Teaching respect for sports officials begins with coaches and parents

It’s been a rough couple of weeks for sports officials.

Hockey star Alex Ovechkin of the Washington Capitals blamed the referees for his team’s collapse and first-round departure in the NHL playoffs.

A Major League Baseball umpiring crew — considered by many to be the best trained and most experienced in the business — not only gets a home run call wrong on the field, but refuses to change it back after seeing conclusive evidence on a video replay.

One night later, a baseball crew allows a pitching-change rule violation that even many casual fans know was incorrect.

A few nights after that, umpires in a Twins-White Sox miss two calls that were proven to be pretty bad by replays.

In the heat of the NBA playoffs, countless calls by referees are proven wrong on video replay and coaches are fined tens of thousands of dollars for criticizing the officials after the games.

And the most startling of all doesn’t come on a pro court. Or an NFL field. Or a major league diamond.

It comes on a recreational soccer field in Utah, of all places.

By now, most of you have heard about the referee who was apparently punched in the head by a 17-year-old player and died a week later in the hospital.

The case is a tragedy no matter how you slice it. No matter your view, no matter your position in sports, whether you are a player, coach, parent or referee.

By all accounts, the incident at the soccer field was not provoked. There was no previous history between the referee and the player.

The referee whistled a foul and issued a yellow card. Yellow cards, which are given as cautions to help referees maintain control, and warn players and coaches to take it down a notch, are issued on average once a game, especially when high school-aged boys are involved. They are more frequent the older the age group and the more competitive the match.

When used effectively by an experienced official, they are very efficient and proper tools to keep the focus on the play, not the behavior.

Many parents out there have watched a local soccer match or baseball game and had some second thoughts about the skills of the official or umpire.

I’m with you. It happens. They are not all created equal.

However, I’ve learned over the years that no matter what you think about the calls of the official, umpire or referee or linesman, it’s not going to make a difference in the game.

Case in point: Major League Baseball has been vilified for years for not having instant replay. The league finally agreed to the reviews for home runs and still can’t get it right.

When you look back on most umpired or refereed sporting events, the right calls are made 90 percent to 95 percent of the time. From time to time, the wrong calls are very wrong or made at a very crucial time, say the top of the ninth in a one-run game. And at times, emotion makes it seem that a call, a strike, a hooking call or a penalty kick are like life and death.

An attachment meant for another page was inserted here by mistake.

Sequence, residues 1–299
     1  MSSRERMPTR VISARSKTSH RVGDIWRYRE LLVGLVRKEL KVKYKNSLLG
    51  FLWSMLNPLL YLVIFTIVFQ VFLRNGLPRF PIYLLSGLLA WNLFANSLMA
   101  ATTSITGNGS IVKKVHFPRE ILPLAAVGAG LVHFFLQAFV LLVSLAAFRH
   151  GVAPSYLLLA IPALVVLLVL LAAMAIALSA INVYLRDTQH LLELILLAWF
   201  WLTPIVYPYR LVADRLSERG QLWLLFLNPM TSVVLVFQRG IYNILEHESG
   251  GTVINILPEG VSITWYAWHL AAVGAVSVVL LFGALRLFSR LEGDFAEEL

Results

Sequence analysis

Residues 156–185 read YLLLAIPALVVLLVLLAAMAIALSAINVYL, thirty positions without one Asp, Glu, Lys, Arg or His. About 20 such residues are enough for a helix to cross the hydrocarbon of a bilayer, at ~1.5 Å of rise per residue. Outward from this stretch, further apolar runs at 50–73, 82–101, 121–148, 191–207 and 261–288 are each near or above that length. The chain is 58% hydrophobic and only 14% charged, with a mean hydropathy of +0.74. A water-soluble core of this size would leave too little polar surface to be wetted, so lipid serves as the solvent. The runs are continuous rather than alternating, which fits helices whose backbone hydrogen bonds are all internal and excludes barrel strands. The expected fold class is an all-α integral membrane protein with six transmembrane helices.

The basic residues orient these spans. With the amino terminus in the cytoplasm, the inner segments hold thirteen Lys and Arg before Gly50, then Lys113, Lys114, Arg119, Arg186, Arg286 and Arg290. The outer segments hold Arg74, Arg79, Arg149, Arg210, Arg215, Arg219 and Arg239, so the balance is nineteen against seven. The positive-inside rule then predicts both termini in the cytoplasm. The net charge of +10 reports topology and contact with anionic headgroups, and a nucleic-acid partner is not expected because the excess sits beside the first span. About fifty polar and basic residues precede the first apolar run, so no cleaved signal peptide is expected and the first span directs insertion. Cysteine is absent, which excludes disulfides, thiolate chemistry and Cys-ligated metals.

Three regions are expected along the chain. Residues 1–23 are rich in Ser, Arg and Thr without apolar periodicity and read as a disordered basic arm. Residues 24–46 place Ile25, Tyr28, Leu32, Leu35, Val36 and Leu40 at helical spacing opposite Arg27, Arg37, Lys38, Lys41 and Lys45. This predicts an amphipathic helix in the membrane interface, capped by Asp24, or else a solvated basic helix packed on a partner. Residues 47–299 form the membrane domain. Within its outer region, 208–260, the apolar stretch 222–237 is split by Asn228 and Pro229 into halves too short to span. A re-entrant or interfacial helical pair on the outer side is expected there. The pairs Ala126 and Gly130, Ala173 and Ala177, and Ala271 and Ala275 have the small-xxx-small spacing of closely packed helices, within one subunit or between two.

And it really, truly is not.

Until emotion takes over and you swing at the referee and he dies.

Then, it’s about life and death.

So who’s to blame?

Certainly, all officials can continue to get better, train and prepare so they are in a position to make the right call to the best of their ability.

But much of the pressure comes back to the adults who set the examples for young players who grow into college players, pro players, coaches, weekend warriors and fans.

As adults, we need to remind our kids and our charges that the calls of the referee do not affect the outcome of the game, that the play of the teams, the talents of the participants and the strategy of the coaches are what determine the result.

If a coach has a concern, most leagues — big and small — have avenues that they can take to discuss the actions or performance of the official.

The field of play is not the place. In front of the 15-year-old players is not the place. Complaining to the media is not the forum for such discourse.

A sea change of greater respect toward each other and especially those in authority is needed, and it starts with all of us, especially those in a position of influence. Talk to your kids and players about what happened in Utah. Get the message out now, today, tonight, before another referee — and 17-year-old kid — loses his life.

Bill Kohler is Tri-State Editor of The Herald-Mail. He also is a longtime high school and youth soccer referee. Reach him at billk@herald-mail.com or at 301-791-7281.

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